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Telling seniors good-bye





 

 

Suddenly it’s Senior Week in Kentucky college basketball and time to say good-bye.

From Kyle Kuric at Louisville and Darius Miller at Kentucky to Ivan Aska at Murray State, who said his farewell last week, it’s the last roundup on home courts. Where did Father Time go?

Senior Week.

This senior week at Kentucky is different — more sad than usual. An exodus to test severely the loyalty and passion in Big Blue Nation. A roster wipeout that saddens college basketball purists.

Two seniors, two freshmen and two sophomores could be playing their last regular season game at Rupp Arena this week.

Head of the list? Anthony Davis.

Comets come by rarely. In football, a John Unitas. At the track, a Secretariat. In golf, a Jack Nicklaus. In UK Basketball, the comet is Davis.

As game clocks clicked down this winter, and because television makes Kentucky America’s team, fans everywhere got to see Davis. The rarity of what he brought cannot be overstated. Dunks and blocked shots and poised play, yes, but here was a teenager with gumption and stamina and role-model presence. • Once-upon-a-time a Chicago two-guard, No. 23 resurrected the blocked shot as a tool instead of a slam into the fifth row that redeems nothing.

University of Kentucky senior Darius Miller, shown here hugging teammate Terrence Jones after the Wildcats’ win over Vanderbilt on Saturday, will play his final home game when Georgia visits Lexington on Thursday night. (AP photo)

University of Kentucky senior Darius Miller, shown here hugging teammate Terrence Jones after the Wildcats’ win over Vanderbilt on Saturday, will play his final home game when Georgia visits Lexington on Thursday night. (AP photo)

• Kentucky’s Mr. Long and Lean, the 6-10 Davis showed us a jump shot at the shot clock, a jump hook, slams from Mars, and my favorite, a falling down scoop shot prayer.

• Davis ignored the trash, weathered the punishment and played with dignity and devotion to team and game in a manner reminiscent of legendary Boston Celtics center Bill Russell.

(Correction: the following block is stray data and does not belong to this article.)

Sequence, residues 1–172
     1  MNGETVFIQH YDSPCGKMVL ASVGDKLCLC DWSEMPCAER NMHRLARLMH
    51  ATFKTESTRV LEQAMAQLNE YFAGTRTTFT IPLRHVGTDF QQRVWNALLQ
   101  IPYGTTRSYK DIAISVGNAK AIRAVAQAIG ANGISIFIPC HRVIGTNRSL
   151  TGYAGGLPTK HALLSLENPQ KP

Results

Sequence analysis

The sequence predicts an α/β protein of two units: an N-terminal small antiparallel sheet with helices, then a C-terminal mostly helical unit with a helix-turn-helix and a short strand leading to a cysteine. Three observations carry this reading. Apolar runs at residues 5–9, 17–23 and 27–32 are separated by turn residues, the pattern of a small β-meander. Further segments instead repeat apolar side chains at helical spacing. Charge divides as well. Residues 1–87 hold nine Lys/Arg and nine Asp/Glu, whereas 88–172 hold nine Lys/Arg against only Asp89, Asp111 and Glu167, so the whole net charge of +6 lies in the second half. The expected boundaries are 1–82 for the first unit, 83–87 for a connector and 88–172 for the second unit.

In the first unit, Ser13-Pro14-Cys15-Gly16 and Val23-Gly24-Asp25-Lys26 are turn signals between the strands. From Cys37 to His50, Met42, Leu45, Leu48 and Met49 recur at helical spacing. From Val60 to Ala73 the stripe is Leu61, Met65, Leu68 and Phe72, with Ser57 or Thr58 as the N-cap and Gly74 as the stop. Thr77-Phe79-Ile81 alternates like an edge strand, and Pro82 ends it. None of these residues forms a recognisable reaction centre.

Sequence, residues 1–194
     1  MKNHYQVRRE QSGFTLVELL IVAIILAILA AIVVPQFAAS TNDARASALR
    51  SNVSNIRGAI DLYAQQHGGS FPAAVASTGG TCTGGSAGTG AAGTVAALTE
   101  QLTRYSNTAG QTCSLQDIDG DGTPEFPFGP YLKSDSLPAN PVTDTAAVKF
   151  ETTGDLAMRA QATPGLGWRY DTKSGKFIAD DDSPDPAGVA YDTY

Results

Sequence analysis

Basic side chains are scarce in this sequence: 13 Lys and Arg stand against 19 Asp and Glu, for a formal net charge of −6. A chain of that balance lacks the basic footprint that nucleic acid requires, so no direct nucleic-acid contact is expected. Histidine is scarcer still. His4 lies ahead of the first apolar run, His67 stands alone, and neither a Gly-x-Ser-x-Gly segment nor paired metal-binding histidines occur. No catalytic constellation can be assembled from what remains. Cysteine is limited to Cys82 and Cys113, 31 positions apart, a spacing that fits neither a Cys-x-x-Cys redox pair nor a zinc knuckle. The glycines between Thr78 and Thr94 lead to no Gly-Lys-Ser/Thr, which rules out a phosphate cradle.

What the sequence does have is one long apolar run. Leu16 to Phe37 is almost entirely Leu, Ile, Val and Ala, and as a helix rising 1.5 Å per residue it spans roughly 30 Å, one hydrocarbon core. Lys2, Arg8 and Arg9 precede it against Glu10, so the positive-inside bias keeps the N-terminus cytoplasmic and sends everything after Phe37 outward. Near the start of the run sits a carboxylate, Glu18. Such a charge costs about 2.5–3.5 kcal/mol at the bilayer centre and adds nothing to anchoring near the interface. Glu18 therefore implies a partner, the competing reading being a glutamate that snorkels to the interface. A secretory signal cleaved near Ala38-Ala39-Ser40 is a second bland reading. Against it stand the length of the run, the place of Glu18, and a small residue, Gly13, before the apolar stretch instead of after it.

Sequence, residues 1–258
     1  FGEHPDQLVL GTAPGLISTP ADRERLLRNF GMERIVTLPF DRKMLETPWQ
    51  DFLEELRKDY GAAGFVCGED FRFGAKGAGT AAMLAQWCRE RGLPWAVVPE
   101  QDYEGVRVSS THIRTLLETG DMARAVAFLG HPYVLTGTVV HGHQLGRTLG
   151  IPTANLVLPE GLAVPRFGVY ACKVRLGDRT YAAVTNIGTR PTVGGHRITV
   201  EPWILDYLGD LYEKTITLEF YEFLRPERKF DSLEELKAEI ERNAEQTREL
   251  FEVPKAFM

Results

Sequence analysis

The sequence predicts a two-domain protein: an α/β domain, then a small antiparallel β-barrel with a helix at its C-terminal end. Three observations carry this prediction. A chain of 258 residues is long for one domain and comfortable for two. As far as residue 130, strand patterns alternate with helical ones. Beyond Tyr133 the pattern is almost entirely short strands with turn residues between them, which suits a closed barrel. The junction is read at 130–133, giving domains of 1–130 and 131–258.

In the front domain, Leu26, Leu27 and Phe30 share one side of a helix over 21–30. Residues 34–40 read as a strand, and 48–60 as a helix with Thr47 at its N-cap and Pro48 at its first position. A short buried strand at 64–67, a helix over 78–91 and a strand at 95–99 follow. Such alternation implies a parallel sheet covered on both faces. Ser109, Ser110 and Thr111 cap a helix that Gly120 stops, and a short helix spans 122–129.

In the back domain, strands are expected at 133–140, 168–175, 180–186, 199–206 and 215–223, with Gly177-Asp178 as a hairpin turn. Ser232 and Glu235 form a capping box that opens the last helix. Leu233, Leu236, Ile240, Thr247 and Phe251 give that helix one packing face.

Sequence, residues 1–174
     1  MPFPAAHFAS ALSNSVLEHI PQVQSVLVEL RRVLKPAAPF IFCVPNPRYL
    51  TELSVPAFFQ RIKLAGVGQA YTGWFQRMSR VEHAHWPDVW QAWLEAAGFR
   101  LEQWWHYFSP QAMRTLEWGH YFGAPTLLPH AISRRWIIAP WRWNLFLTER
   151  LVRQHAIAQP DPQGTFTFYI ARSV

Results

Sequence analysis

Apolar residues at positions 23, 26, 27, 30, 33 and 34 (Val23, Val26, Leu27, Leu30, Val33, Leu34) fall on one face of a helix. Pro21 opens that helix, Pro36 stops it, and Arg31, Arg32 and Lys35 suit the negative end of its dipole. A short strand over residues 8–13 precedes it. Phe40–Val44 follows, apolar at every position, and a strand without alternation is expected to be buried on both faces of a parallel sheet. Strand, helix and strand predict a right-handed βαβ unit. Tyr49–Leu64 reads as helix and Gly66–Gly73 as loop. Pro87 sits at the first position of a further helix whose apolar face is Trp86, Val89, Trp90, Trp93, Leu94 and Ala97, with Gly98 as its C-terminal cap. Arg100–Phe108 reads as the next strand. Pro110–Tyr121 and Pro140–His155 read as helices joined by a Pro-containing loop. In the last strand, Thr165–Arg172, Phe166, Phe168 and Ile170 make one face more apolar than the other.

• College player of the year? By a Cawood Ledford mile, it’s Davis.

All this said, freshman Anthony Davis will almost certainly be showing up in home whites for the last time at Rupp Arena on Thursday night, more than a week before his 19th birthday (born March 11, 1993).

Kentucky’s Anthony Davis, left, put up an off-balance shot next to Vanderbilt’s Steve Tchiengang on Saturday. (AP Photo/James Crisp)

Kentucky’s Anthony Davis, left, put up an off-balance shot next to Vanderbilt’s Steve Tchiengang on Saturday. (AP Photo/James Crisp)

Between now and June, NBA general managers will stomp on each other’s faces for the chance to stuff millions into the hands of Davis.

Sound good? If making possible dreams-come-true-today for Davis’s family, yes. For those of us who’ve lived long enough to know, time is more precious than gold, no!

The seasons of being 18 to 22 are pinnacle ones. Time to be cool, sparkle, dream, have fun, see the new in everything and wise to put one foot in front of the other and not rush.

Anthony Davis is special. Barring injury, he is destined for greatness on a basketball court. Off it, when the ball stops bouncing, who knows?

What Kentuckians who love the game know for sure, gratitude that he came this way made himself a treasure to us in “our time.”

Miller: ‘The Dagger

Hunch here says Darius Miller will have a thoroughbred kind of run during the post-season similar to one UK fans last witnessed in 1998 when at every critical moment senior Jeff Sheppard stepped up and led Kentucky to the national championship and was named MVP at the Final Four.

Miller, as he did against Vanderbilt and Ole Miss, shows an uncanny sense of timing in sticking a dagger (three ball) into an opponent to kill a run at the Wildcats.

What to watch for Thursday: When Miller and his parents step onto the Rupp Arena, who will cry first, the kid or his mother?

Terrence Jones

In part because Terrence Jones has adjusted to an Anthony Davis/ Michael Kidd-Gilchrist marquee this season, the 6-8 forward has almost certainly played himself down in the NBA draft first round.

Jones’s uneven play leaves pro general managers to wonder, “Will this kid give us our money’s worth 85 nights a season?”

Conclusion? With another batch of John Calipari one-anddone players on the way, wouldn’t it be interesting (and profitable) if Jones returned to Kentucky next season to be the team’s elder?

And so it goes.


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